The Art of War

Hendriksen

“The final question is, “

‘Have I learned the art of offensive warfare?’ We have been studying those weapons that are generally included under the heading defensive armor. We have seen, however, that though in physical warfare this description may be entirely adequate, in spiritual combat it hardly reaches far enough. Even truthfulness or integrity—the belt—is not exclusively defensive. It captivates! Righteousness—the breastplate—not only serves as a protection; it also wins the neighbor for Christ, that God may be glorified (Matt. 5:16). The peace that provides readiness for the spiritual battle—the shoes—furnishes both time and energy for invading the enemy’s domain and robbing him of the spoils he has taken. Faith—the shield—overcomes the world, recapturing the lost. And salvation—the helmet—sings its way into the enemy’s prison-camp, setting the prisoners free. But although all this is undoubtedly true, nevertheless, the most conspicuously offensive weapon, offensive both in physical and spiritual combat, is certainly the sword. Says Paul: ‘(and take) the sword of the Spirit which is the word of God.'”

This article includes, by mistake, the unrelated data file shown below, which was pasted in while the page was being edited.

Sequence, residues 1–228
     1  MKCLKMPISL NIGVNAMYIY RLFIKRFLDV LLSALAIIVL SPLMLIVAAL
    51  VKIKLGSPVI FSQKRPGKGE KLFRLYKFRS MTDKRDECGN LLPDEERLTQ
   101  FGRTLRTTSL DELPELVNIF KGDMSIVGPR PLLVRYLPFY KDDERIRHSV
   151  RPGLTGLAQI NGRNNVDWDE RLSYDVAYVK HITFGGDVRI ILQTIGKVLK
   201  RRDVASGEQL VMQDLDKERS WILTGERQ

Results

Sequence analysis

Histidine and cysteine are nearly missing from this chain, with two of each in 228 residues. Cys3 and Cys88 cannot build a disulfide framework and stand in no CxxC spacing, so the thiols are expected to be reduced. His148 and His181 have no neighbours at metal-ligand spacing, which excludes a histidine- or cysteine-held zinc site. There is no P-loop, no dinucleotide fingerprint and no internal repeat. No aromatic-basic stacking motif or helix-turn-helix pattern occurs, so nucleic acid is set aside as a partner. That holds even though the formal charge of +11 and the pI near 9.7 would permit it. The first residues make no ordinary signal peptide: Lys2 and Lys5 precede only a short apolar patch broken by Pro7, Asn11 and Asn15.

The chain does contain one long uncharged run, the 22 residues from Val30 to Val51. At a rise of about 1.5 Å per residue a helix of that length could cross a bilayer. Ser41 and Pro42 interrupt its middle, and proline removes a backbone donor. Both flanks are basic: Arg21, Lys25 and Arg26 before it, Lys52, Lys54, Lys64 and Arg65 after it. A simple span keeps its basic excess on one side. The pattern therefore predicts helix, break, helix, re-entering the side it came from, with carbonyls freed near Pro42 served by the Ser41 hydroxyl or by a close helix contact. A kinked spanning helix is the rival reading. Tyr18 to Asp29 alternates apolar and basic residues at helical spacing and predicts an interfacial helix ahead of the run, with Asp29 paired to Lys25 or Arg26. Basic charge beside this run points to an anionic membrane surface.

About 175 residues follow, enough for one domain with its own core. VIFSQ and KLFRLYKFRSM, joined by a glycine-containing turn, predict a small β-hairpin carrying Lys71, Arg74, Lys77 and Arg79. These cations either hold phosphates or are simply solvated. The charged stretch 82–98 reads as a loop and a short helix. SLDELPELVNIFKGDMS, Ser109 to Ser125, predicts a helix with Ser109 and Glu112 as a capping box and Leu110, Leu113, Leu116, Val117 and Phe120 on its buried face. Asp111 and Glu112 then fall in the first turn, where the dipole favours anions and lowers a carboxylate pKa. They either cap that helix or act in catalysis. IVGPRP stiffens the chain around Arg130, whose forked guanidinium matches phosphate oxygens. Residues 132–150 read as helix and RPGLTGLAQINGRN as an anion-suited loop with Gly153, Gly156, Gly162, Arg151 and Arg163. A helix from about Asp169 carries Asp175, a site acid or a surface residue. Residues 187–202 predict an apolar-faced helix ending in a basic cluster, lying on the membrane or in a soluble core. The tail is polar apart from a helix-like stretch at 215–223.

William Hendriksen and Simon J. Kistemaker, Exposition of Ephesians, vol. 7, New Testament Commentary (Grand Rapids: Baker Book House, 1953–2001), 279.

Ephesians 6:14–17 (ESV)

14 Stand therefore, having fastened on the belt of truth, and having put on the breastplate of righteousness, 15 and, as shoes for your feet, having put on the readiness given by the gospel of peace. 16 In all circumstances take up the shield of faith, with which you can extinguish all the flaming darts of the evil one; 17 and take the helmet of salvation, and the sword of the Spirit, which is the word of God,

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